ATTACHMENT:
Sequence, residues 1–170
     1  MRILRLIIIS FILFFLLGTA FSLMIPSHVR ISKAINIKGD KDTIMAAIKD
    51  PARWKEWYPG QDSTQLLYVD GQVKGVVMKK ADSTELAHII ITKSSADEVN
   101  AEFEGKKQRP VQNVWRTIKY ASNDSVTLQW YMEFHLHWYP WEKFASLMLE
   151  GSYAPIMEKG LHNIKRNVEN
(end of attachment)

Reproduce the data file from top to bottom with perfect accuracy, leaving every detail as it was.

Sequence, residues 1–170
     1  MRILRLIIIS FILFFLLGTA FSLMIPSHVR ISKAINIKGD KDTIMAAIKD
    51  PARWKEWYPG QDSTQLLYVD GQVKGVVMKK ADSTELAHII ITKSSADEVN
   101  AEFEGKKQRP VQNVWRTIKY ASNDSVTLQW YMEFHLHWYP WEKFASLMLE
   151  GSYAPIMEKG LHNIKRNVEN